While smartphones have been heralded as the coming of the next generation of communication and collaboration, they are a step backwards when it comes to personal security, anonymity and privacy.
Most app stores encroach on users freedoms by closely monitoring and profiling how people use their devices. They reject apps which do not align with their terms of service. They are also unavailable in some of the worlds biggest markets, such as China, due to being blocked by the Government.
F-Droid is the open source app store for Android focusing on freedom, privacy, and security.
It doesn't track what you search for, what you install install, or what apps you use. It warns you about apps which track you or show you ads. The main F-Droid repository gives you access to over 2000 open source apps, and there are other 3rd party repositories which expand this even further. In addition, it is essentially unblock-able, making it a vital piece of infrastructure for activists and journalists who need access to apps to facilitate secure communication.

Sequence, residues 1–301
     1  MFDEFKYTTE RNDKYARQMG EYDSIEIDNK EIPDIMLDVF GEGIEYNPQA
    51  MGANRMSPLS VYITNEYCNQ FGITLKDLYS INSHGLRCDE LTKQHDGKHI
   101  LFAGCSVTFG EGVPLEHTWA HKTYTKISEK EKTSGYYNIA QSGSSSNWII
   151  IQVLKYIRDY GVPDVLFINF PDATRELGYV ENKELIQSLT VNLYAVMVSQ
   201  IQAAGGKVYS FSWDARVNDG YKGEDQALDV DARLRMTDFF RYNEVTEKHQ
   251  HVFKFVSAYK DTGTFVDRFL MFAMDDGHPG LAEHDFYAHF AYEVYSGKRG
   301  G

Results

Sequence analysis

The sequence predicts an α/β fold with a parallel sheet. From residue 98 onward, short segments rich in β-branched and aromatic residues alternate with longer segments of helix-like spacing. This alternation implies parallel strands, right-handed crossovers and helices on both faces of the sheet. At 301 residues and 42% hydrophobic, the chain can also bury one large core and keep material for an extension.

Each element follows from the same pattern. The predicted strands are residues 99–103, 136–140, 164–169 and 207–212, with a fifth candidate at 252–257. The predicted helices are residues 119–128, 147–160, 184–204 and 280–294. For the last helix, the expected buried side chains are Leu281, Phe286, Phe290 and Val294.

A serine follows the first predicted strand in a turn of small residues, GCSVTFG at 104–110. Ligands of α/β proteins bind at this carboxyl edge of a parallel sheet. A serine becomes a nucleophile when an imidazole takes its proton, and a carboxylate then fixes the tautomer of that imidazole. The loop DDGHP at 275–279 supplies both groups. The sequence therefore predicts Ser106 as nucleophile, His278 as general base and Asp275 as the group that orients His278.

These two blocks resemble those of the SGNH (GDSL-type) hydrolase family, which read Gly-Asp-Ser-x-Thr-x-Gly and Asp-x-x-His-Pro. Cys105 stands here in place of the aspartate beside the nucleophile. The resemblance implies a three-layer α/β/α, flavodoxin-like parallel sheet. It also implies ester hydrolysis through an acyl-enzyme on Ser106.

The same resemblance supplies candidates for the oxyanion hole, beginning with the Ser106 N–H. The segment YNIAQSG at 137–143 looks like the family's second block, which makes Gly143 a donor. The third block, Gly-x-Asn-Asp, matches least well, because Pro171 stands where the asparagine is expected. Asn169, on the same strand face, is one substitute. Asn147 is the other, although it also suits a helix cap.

Over the last year, the F-Droid project has completely revamped its UI to make it more friendly to non-tech users, adding support for screenshots, feature graphics, and localized metadata about apps. We have also added several new tools to make it easier for anybody to setup and run their own curated app store. This talk will cover the various aspects of the project, focussing on the client, its security model, and how it is being used to ensure everyone is able to access high quality open source apps as the smart phone revolution continues.
Pete is a core developer of the F-Droid project, heavily involved in growing the project for the past 5 years. He works with Android developers around the world to ensure important free and open source software is available in to everyone. Specifically, he works to ensure activists and journalists have access to important private, secure communication apps in regions where the government would prefer they didn't. He's completed a PhD in computer science, and now spends his days split between working on F-Droid, or teaching last year masters students how to design and implement successful software projects.